Wednesday, August 4, 2021

Thank you, Lida Gordon.

Last weekend, in Louisville, Kentucky, there was a memorial service for my fibers professor, Lida Gordon, Professor Emerita of the University of Louisville's Allan R. Hite Art Institute.  

Lida G. Gordon, 1949-2021

It is hard for me to overstate the impact Lida had on my life and my path in fiber art.  Back in the mid-1990s, I had heard from a fellow member of the quilt guild in Louisville that one could learn a lot in the fiber program at U of L, and with some apprehension I took the quilt I was proudest of to show Lida and see if she would allow me to join a class.  She said some kind things about the quilt and then asked, "Do you only use commercial fabric?"  This question stumped me--was there any other kind of fabric?  

Thus began my adventures in dyeing, printing, embroidery, collage and mixed media fiber work.  After taking a few surface design classes I was hooked and signed up for the MA program in Fibers.  You can read more about that here and here.  The fiber department at U of L had just acquired paper-making equipment, and Lida steered me away from quilts and toward paper-making as my focus for the degree.  It was a good thing too; I learned so much more from my explorations of texture, relief and three dimensions in handmade paper than I would have if I had stuck to quilts.  

Lida did a great job both challenging and encouraging a diverse community of fiber artists who ranged from young students to middle-aged second-career explorers to retirees.  Many of us took her classes over and over, to benefit from the community and the stimulus provided by deadlines and critiques.  I still believe some of my best work ever was done in those classes.  As students, we said more than once that "Darn it, Lida is always right" when it came to a suggestion about a direction to pursue or how to improve a piece.  For years when I wasn't sure how to proceed, I would ask myself, What would Lida say?  One thing she said often was "FOCUS!"  Choose one medium, one technique, and really dive deep into it, rather than running after every new gadget, material, or gimmick to appear on the scene.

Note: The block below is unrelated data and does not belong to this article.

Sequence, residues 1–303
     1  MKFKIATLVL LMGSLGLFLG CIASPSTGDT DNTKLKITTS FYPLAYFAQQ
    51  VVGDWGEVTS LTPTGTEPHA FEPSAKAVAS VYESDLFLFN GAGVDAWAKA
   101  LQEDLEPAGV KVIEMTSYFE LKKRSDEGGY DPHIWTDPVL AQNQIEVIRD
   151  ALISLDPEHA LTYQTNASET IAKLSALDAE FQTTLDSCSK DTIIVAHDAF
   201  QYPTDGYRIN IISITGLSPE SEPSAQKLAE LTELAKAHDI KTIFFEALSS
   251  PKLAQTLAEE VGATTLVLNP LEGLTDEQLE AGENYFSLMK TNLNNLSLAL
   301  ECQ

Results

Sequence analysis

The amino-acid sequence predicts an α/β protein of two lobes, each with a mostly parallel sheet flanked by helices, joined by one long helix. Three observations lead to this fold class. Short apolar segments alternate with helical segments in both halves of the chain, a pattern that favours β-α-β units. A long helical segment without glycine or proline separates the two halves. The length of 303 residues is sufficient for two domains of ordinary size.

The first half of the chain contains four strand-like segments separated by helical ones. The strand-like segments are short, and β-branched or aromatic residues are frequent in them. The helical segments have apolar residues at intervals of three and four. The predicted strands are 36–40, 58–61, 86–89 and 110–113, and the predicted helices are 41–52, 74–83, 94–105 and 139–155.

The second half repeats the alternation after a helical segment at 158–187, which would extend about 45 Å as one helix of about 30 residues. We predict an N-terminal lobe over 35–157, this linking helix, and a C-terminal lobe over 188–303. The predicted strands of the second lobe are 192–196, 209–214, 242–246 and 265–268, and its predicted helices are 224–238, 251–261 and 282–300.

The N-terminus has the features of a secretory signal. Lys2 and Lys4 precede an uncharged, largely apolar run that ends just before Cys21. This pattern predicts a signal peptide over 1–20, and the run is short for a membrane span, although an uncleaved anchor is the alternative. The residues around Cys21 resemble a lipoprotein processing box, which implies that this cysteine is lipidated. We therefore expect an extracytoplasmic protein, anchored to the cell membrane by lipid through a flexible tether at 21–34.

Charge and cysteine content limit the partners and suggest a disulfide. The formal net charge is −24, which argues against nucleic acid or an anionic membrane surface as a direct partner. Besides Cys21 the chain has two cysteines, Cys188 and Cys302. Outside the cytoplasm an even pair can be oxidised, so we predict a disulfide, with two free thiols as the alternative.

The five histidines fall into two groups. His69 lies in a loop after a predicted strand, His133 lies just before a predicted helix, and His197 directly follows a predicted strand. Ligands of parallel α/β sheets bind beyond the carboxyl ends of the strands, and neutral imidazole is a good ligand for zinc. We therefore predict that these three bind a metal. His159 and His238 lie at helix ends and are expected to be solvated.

Lida taught me a method of approaching a project that involved research, multiple sketches, and multiple samples that I still use and teach in my classes today.  She conducted crits that provided thoughtful and valuable feedback without ever being harsh, as one so often hears about art school crits.  We all brought food, shared dinner, and spent hours looking at and carefully responding to each others' work.  I also learned from Lida how to apply to juried shows, where to go to get my work photographed, and how to promote it.  

As a mother of young children then, my day was bounded by my kids' school day, and Lida allowed me to come and go as a student and later as a graduate assistant for her as my schedule required.  My kids were welcomed at more than one critique when I didn't have child care (they had their first sushi at a crit).  

Lida and I stayed in touch after I completed my degree and moved away.  When she sold the fiber department's looms, she called me and I got a great deal on the 4-shaft loom I now use to weave tapestry.   She remained interested and encouraging about my work, giving it the same careful, thoughtful attention as always.  We had a great day when she visited Atlanta once with her husband, visiting galleries and talking art.  

Lida was a friend and an inspiration.  I am grateful to have studied with her, and I will miss her.  My hope is that in my teaching I pass on some of the enthusiasm, thoughtfulness, and encouragement I received from Lida. 

You can read more about Lida here and here.